The Mutual Recognition of Professional Qualifications Directive is an EU-wide directive that allows professional regulators in all member states to automatically recognise professional qualifications gained in other member states and grants entry to all relevant professional registers, including medical and social work registers.

The directive no longer applies to the UK now the transition period has ended, but the UK government has decided to continue recognising qualifications gained in the EEA for at least two years after the transition period ends. This is not reciprocal and there is no guarantee that qualifications gained in the UK will be accepted by professional regulators in EEA nations.

Professional regulatory bodies are working with the UK government to review future registration requirements for those with qualifications gained in the EEA and decide what they will be from January 2023.


With current transitional arrangements set to remain in place, little will change for UK-based employers until new arrangements are decided and implemented in 2023. This uncertainty may hinder the government’s efforts to attract more international staff to work in health and care.

The greater change is for those with health and care professional qualifications gained in the UK. They will no longer be automatically accepted on EEA states’ professional registers and therefore will face new barriers to taking up roles in those nations. Arrangements and processes for those with UK qualifications being accepted onto professional registers will differ between member states.

Reciprocal health care

EEA citizens are entitled to a European Health Insurance Card (EHIC) that provides them with access to medically necessary, state-provided health care during a temporary stay in any EEA country. While under current EU rules, people who move from one EEA country to live in another are given access to health care on the same basis as nationals of that country.

The Withdrawal Agreement guarantees that UK citizens legally resident in EEA countries and EEA citizens legally resident in the UK before the end of the transition period as well as frontier workers and those who live in both the UK and an EU state will continue to benefit from their current rights of access to health care services for their life time. NHS providers can continue to use existing processes to recover the cost of treating these groups from EU states.

Rights of access to health care for UK citizens who move to the EEA after the transition period is being decided independently by each member state and will differ substantially between them. The UK government maintains a collection of guidance outlining the rules in each state. EEA citizens who move to the UK to work or study from 1 January 2021, for more than six months at a time, will need to complete the relevant visa application and pay the Immigration Health Surcharge in order to access NHS services. Rights of access for EU citizens who need work or study in the UK for less than six months is still being decided.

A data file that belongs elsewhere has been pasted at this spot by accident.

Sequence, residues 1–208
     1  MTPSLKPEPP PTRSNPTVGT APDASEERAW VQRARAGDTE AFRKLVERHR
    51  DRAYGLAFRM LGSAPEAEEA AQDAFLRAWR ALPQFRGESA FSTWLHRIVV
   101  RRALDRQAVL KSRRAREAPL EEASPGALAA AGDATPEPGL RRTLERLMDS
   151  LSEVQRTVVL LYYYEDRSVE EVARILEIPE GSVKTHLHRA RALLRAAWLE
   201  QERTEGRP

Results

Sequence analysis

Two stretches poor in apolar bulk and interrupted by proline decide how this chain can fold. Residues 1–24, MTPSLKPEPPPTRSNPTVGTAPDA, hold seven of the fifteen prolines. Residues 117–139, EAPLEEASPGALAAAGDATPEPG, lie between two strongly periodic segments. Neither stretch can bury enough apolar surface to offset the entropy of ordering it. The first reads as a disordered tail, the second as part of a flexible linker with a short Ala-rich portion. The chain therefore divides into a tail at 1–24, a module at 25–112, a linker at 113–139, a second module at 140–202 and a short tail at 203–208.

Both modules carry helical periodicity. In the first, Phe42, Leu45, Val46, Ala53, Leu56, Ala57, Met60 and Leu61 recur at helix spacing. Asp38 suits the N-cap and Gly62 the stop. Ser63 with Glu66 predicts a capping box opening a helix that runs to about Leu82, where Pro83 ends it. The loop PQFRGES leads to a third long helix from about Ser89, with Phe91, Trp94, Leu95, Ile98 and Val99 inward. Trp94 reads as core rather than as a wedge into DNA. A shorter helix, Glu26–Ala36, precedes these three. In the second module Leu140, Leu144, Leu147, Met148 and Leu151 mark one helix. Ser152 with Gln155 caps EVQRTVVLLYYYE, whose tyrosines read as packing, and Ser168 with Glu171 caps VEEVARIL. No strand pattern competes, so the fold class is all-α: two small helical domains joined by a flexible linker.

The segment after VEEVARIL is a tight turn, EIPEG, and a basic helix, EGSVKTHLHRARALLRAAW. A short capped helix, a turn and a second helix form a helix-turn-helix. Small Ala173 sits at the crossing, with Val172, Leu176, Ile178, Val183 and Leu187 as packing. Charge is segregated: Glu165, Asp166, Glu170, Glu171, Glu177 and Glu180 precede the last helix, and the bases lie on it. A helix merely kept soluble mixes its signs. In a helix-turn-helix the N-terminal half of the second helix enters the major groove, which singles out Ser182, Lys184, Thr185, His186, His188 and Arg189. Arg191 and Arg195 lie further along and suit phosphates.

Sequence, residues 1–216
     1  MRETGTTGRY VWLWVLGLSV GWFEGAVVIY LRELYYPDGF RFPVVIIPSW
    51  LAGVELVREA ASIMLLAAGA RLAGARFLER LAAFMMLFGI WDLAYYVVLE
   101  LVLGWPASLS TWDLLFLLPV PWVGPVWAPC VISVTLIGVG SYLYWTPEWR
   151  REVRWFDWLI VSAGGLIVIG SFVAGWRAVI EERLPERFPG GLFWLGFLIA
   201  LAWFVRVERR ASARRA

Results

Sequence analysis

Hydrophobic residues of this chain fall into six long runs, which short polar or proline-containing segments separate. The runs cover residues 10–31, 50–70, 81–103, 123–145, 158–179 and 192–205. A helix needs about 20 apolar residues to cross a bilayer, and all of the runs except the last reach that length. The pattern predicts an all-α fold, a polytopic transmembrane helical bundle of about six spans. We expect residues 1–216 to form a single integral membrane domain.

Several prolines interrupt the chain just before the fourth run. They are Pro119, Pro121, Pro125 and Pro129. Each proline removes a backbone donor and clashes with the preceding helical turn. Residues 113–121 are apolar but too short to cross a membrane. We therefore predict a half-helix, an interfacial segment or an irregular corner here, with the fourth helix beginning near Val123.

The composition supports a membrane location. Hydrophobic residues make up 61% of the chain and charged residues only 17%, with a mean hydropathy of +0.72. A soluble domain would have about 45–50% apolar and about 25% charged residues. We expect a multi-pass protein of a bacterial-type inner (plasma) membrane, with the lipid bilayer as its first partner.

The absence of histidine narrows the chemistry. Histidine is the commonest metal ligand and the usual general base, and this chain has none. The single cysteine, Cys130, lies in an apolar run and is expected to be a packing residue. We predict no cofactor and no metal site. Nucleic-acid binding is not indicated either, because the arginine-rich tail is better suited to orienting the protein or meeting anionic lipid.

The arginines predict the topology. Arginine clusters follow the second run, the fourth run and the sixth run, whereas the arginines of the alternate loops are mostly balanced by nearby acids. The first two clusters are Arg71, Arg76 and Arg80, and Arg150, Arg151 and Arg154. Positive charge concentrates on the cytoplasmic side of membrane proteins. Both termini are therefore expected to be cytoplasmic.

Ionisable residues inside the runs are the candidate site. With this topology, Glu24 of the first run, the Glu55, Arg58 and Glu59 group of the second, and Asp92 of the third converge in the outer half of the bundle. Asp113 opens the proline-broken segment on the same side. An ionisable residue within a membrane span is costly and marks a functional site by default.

For UK citizens who travel for short-term stays, eg, holidays or leisure, in EEA countries and EEA nationals who travel to the UK all EHICs issued before 1 January 2021 will be honoured up until their expiry date, five years after their issue date. The UK has now stopped issuing new EHICs to its citizens but will continue to issue them to EEA citizens who have been resident in the UK since before the 1 January 2021.

For UK nationals, EHICs will be replaced by a new Global Health Insurance Cards (GHIC). The GHIC will only be accepted in EU member states, it will not be accepted in Norway, Switzerland, Iceland or Liechtenstein who are members of the EEA only, and not full EU member states. The new arrangements are reciprocal, and the UK will provide eligible health care to EU citizens with a valid EHIC issued after 31 December 2020.

Like the EHIC, the GHIC will cover both urgent and routine medical treatment, such as dialysis or chemotherapy, for UK nationals while in the EU. It will not cover planned treatment, for example, where a UK citizen travels for a specific treatment or to give birth.

The Department of Health and Social Care’s advice remains that UK citizens should still take out travel insurance alongside an EHIC/GHIC while travelling in the EEA/EU.


The arrangements for access to health care for people who move from the UK to live in an EEA state, or for EEA nationals who move to the UK, will differ between each member state. In many cases it is likely that additional requirements and bureaucracy, such as providing proof of residency, will be in place for UK citizens resident in the EEA.

The situation around short-term travel remains, in principle, largely unchanged as the GHIC will replace the EHIC for UK citizens while in EU countries. However, UK citizens will need to take out travel insurance to guarantee access to urgent or medically necessary treatment while in countries that are EEA states but not members of the EU.


Supply of medicines and medical devices

The United Kingdom is a net importer of medicines and medical devices from the EEA). In 2019 exports were valued at £9 billion while imports of medical products were valued at £18 billion.

Pharmaceutical products are regulated at an EEA wide level by European Medicines Agency (EMA) and so only need one set of licences to move between member states. The UK is now outside the customs union and regulatory oversight of the EMA, meaning that additional checks are now required at ports in the UK and the EEA before goods, including medical products, can cross the border.

In this section, we look at how the UK’s new medicines and medical devices regulatory framework will work, how this differs from EMA oversight and the new customs checks that will be required when moving medicines between the EEA and the UK.

1. Regulation of medicines and medical devices